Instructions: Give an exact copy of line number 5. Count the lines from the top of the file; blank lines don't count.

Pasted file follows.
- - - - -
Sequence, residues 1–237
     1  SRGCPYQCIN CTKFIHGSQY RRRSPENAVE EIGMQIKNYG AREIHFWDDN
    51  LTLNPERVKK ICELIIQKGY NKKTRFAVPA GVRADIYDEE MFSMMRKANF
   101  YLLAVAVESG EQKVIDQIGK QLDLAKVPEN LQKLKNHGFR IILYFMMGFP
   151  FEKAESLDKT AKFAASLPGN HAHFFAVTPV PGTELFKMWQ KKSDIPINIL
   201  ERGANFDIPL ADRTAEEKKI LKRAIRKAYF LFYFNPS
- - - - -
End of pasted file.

   151  FEKAESLDKT AKFAASLPGN HAHFFAVTPV PGTELFKMWQ KKSDIPINIL